M: On your website, I read that you have a research science background, can you tell me more about how science meets your art practice?
P: I have a biological science background and a lot of my work is solidly informed by the relevant scientific research. During the lichen project, I spent a lot of time reading the scientific literature, and spent time with a lichen expert – I was able to look through electro-microscopic images of lichen, with the actual algae located, or maybe even cradled within the fungal grasp, and we spoke about how that fungus and the algae may have ever met up. I very much enjoy being able to access the story from both sides, the scientific and the poetic side.
M: Can you tell me more about the process of this (ed. The Kingdom) work?
P: I had come in with no preconceptions other than to spend some time at the site and make something site-responsive, I spotted the molehills which sparked this idea of a kingdom for the moles and an other-than-human ownership of a site in a park. In a site like this in a park, the public that comes here every day have an informal sort of kinship with the area, so it was also important to me that the intervention I made was accessible to understand, but I also hoped that it may open up some thinking around ideas of ownership beyond our human understanding of the term. The flags talk about territorialisation, about nations, about nation-states. I am hoping that people look at these and go “Wow…there’s a mole on a flag, does it mean the moles own this land?”
M: Now that I am thinking about moles, I am starting to see these molehills everywhere and realise that they have quite a big territory that we are not even aware of… maybe Holland is a kingdom for moles and we just don’t know about it.
P: How would you know? Maybe they are just letting us live here.
M: At first, I was thinking, territory and land ownership is a very human thing… and often in my eyes, not a positive thing but in nature animals also claim land for survival… Can you tell me about the performative aspect of the work? What we did today with the flags.
P: In the performative element we all walked around the 49m2 and ‘planted’ flags in each corner in a symbolic gesture of claim, on behalf of the moles. Flags have such a long history of this gesture of carrying and planting and claiming – it’s like as soon in social evolution that we humans made cloth we wore some of it and made a flag from the rest. Flags seem to me to be a heavily embodied object, whenever you see a flag there’s the implication of a human previously carrying it. I was wondering how you found that act of walking with the flag over your shoulder, how did it make you feel?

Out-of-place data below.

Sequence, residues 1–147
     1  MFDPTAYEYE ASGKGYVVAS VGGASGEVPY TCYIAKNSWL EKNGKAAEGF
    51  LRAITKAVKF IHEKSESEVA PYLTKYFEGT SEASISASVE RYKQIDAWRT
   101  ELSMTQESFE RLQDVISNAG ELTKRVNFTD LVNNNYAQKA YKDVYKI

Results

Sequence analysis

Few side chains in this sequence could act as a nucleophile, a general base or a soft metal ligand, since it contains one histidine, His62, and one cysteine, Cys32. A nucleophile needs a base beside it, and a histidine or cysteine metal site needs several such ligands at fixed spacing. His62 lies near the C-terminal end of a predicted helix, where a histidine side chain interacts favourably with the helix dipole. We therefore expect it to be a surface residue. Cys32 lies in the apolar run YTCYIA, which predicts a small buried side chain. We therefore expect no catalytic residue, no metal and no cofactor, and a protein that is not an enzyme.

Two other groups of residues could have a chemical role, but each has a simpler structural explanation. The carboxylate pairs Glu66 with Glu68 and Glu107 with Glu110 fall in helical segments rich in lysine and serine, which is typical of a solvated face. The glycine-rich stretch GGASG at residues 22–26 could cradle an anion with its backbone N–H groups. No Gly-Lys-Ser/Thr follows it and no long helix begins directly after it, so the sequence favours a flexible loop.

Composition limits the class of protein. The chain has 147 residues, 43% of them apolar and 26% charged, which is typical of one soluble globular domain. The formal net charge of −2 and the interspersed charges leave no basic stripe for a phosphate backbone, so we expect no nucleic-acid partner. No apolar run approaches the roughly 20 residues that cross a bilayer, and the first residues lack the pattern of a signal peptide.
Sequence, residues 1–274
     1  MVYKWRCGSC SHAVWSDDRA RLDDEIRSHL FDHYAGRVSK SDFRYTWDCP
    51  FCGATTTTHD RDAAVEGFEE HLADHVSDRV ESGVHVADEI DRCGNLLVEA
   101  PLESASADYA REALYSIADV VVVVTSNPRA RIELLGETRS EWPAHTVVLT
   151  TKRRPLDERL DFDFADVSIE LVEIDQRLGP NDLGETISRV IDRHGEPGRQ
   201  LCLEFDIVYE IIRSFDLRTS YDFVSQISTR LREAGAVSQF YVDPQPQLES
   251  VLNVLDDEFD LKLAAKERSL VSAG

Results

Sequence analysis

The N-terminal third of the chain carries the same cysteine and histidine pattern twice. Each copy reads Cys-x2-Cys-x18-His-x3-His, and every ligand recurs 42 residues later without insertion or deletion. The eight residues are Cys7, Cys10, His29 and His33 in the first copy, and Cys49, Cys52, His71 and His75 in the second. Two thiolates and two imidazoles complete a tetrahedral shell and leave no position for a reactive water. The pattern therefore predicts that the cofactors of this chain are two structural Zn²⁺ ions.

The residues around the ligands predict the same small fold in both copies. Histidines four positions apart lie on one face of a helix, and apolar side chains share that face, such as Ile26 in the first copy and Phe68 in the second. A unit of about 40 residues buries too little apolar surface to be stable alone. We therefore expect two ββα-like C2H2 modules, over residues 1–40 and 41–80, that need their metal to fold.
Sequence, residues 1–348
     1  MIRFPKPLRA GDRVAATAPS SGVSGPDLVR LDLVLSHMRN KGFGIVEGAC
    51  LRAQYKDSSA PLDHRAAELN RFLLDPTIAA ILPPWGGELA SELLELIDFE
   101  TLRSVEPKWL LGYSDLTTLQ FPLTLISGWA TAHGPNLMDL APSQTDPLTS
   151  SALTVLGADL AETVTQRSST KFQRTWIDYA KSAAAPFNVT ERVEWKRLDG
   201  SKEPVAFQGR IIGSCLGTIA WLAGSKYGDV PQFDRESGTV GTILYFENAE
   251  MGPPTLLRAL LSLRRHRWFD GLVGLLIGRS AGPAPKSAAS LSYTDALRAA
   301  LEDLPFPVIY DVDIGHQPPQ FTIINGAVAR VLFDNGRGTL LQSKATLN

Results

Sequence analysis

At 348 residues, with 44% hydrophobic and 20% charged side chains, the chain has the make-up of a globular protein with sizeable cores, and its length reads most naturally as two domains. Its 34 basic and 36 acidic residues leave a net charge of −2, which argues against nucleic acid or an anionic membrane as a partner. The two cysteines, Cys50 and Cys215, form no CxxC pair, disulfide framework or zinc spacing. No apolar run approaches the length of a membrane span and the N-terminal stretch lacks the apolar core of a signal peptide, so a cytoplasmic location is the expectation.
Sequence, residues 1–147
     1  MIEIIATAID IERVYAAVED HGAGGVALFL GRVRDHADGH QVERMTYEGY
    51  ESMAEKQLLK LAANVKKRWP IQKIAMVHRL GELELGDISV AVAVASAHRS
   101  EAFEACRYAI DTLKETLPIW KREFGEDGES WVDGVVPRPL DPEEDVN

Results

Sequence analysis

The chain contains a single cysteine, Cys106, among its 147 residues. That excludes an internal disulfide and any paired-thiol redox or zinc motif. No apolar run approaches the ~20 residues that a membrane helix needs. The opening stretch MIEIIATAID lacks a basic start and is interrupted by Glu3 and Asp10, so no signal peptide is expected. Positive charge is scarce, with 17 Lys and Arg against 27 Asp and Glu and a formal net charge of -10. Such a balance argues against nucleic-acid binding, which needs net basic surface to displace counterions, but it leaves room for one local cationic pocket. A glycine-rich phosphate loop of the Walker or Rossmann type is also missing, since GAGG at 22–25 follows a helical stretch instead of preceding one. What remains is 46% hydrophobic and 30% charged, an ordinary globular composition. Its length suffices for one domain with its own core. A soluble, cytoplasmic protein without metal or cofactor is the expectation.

M: Well, because we were doing it for moles I didn’t mind, though I usually see a flag as a negative thing… but now seeing them with moles on them makes me happy. It’s a joyful flag. Yet, it still felt ceremonial and walking with the flags had kind of a weight to it even though we were doing something light-hearted. It’s so strange to think that holding a piece of material up can be an act that holds so much meaning…
P: So true. The action of raising a flag takes me back to being at school and from an Australian perspective, the broad and difficult issue of flags in Australia, with our problematic colonial settler history.
M: …and in Australia of course it is the English flag we would use in school, so in a way when we do use the flags we are sort of colonising, or being made part of the colonisation, putting an English flag up on stolen land.
P: Also, that implication of the body that comes with the flag – it’s a settler body as well. It is never a sharing body. However, I don’t think this work draws on that too much, maybe, given the other-than-human entry point. I’ve also been thinking about the increasing interest globally in granting nature ‘personhood’ – from a legal perspective – giving rights to nature through a personhood status. There are an increasing number of natural places that have been given legal personhood, like the Whanganui River in New Zealand and the Atrato River basin in Columbia. The thing about giving nature personhood status is that it then provides legal status, so nature can counter human action through a court-based system. So, I was sort of wondering with this work how to touch on those ideas – if you wanted to give personhood status to a piece of land, how would that evolve? What if part of that process was to have a flag for the piece of land and for the moles who live with it, and you could roll forward to a path towards personhood status? And it’s super interesting we have to call it personhood status, that a river has to have personhood status to be valued…
M: …to be respected? Once again, we are anthropomorphizing nature.
P: Right, but because the judicial system revolves around humans and human rights, the only way we can operate within that system is to allocate nature a personhood status, which is perverse but also maybe the only way to work forward. We humans are so wrapped up in our own species and can’t imagine from the perspective of anything else, so it’s not surprising I guess that our legal systems have the same biases, and the anthropomorphizing you mentioned may be the only way…
M: …that we can give nature a voice? I think if you listen well enough nature is speaking all the time, but we have forgotten how to communicate. Though I’m listening to this plant now, it is communicating very loudly at me to stay away or it will give me a rash.
M: What do you hope will happen with the flags the next four weeks? What would you like people to feel?
P: I hope they feel a sense of interest, curiosity, and possibly, a bit of joy?
M: And how would you like the moles to feel?
P: Unhassled, and that they have the right to roam.
After this conversation, I continued through the park, suddenly very more aware of the nature around me. Nature in the Netherlands is definitely not as loud and as evident as in Australia, but if you take the time to look around, it’s there… and who knows, you might just be standing on a kingdom.